Professor Charles Ogletree of Harvard University School of Law moderated the afternoon plenary session addressing cutting edge uses of technology in the 21st century. Panelists included: Jerry Berman, Executive Director of the Center for Democracy and Technology, a Washington, DC based policy organization; Karen Radney Buller, member of the Comanche Tribe and Founder, CEO and President of the National Indian Telecommunications Institute; Darien Dash, Founder and CEO of DME Interactive Holdings, a company with the mission of "Expanding the Hardware and Software Infrastructure within Minority Communities"; David Eisner, Vice President of Corporate Relations at America Online; Larry Goldberg, Director of Media Access at the WGBH Educational Foundation as well as Director and Founder of the CPB/WGBH National Center for Accessible Media; Jerry Kang, UCLA Professor focusing on civil procedure, race and cyberspace issues; Mark Lloyd, Executive Director of the Civil Rights Forum on Communications Policy; Lucia Corral Peña, Program Officer overseeing the Work and Health Initiative's computers In Our Future grantmaking program for The California Wellness Foundation; Jorge Reina Schement, Professor and Co-Director of the Institute for Information Policy in the College of Communications and the School of Information Science and Technology at Pennsylvania State University; Andrew Jay Schwartzman, President and CEO of the Media Access Project.
The panelists responded to the questions posed by Professor Ogletree regarding critical communications and Internet issues and their effect on the civil and human rights community. Key points of discussion included: affordability and equal access to technology, the government's role in balancing access and content regulation, the reality that the Internet's agenda is driven by corporate needs with little consideration of the public interest, and the current and future state of the digital divide.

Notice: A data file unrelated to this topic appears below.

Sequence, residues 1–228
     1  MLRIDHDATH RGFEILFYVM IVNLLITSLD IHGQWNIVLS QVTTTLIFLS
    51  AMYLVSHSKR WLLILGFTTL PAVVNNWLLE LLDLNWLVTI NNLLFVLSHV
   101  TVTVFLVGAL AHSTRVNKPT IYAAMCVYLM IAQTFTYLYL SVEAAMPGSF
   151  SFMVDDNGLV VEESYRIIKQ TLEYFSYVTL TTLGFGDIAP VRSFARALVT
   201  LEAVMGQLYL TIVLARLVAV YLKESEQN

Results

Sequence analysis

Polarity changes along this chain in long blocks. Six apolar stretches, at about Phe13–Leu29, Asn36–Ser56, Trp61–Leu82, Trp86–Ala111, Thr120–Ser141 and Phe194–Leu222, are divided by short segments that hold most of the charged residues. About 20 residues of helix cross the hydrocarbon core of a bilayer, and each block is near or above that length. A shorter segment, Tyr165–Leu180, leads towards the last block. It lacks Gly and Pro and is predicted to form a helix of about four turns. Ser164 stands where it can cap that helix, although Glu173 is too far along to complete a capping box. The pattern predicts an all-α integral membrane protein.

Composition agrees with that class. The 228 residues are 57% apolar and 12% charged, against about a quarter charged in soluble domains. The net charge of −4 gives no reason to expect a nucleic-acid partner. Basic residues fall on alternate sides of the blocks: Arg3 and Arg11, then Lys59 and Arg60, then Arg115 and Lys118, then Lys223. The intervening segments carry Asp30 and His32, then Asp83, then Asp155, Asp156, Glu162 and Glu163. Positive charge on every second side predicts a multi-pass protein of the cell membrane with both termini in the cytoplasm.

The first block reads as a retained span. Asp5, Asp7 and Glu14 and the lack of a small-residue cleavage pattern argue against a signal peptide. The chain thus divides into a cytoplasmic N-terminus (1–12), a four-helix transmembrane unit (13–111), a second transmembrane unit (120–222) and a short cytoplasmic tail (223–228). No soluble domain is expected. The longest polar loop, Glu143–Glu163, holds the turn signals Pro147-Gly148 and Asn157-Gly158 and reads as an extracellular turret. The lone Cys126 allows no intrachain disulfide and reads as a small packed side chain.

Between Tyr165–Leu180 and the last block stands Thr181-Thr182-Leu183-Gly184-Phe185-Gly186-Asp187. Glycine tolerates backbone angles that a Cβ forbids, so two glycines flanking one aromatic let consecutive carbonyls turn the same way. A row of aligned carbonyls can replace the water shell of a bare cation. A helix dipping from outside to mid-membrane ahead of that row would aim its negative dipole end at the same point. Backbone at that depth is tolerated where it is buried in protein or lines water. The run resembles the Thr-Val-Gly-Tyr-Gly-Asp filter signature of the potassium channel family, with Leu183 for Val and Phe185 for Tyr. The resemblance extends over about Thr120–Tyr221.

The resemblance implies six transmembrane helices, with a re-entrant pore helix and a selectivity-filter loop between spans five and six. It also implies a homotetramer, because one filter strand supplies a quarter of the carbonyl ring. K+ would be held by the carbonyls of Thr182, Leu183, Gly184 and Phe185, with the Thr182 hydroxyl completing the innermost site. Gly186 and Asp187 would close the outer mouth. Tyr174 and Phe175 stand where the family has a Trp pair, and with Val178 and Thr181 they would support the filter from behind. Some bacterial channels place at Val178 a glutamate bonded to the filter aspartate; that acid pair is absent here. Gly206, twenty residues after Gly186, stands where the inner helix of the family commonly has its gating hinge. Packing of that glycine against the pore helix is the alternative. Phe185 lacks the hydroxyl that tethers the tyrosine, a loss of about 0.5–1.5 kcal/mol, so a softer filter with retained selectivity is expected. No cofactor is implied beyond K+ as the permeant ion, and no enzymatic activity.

The day concluded with a third panel of civil rights leaders addressing the logistics of sorting through, prioritizing and moving forward with the issues raised at the forum. This discussion focused on the many objectives of the civil rights e-agenda. The panelists included: William Taylor, President, Leadership Conference Education Fund and Vice Chair of the Leadership Conference on Civil Rights; Marcia Greenberger, Founder and Co-President, National Women's Law Center; Cecilia Muñoz, Vice President for the Office of Research, Advocacy and Legislation, National Council of La Raza; Karen Narasaki, Executive Director, National Asian Pacific American Legal Consortium; Mark Pelavin, Associate Director, Religious Action Center of Reform Judaism; Hilary Shelton, Director, Washington Bureau, National Association for the Advancement of Colored People; William Spriggs, Director, Research and Public Policy, National Urban League; Patrisha Wright, Director of Government Affairs, Disability Rights Education and Defense Fund; Joel Yudkin, Sectoral Economist and Technology Policy Analyst, the Public Policy Department, American Federation of Labor and Congress of Industrial Organizations (AFL-CIO).
The technology forum served as an important starting point in defining those objectives and mapping a course of action. It is in the interest of the civil rights community to ensure that the Internet is equally accessible for all, regardless of race, culture or economic status. As was recommended by several panelists, the civil rights community needs to define what an "equitable society" looks like in the information age. It is critical that the civil rights community's needs be represented at the policy table and not leave the development of such policy to the discretion of others who do not share its view of a fair and just society.
This Initiative has afforded the civil rights community the opportunity to play a prominent and informed role in the debates shaping the modern communications medium -- the Internet. Based on the results of the Baseline Needs Assessment Survey and the daylong session focusing on communications and technology policy, the Leadership Conference has reaffirmed its commitment to helping the coalition in its efforts to participate fully in the Digital Age.
The Leadership Conference believes that now is the time for the civil rights community to develop public policy for closing the digital divide and shaping the new digital communications and technology environment. Through the Leadership Conference's Communications Policy Project it will take a first and significant step toward including the civil rights community, and the larger non-profit sector, in the policy debates about this critical medium and ensuring that the non-profit sector fully utilizes the medium to advance the welfare of the country and ultimately the world.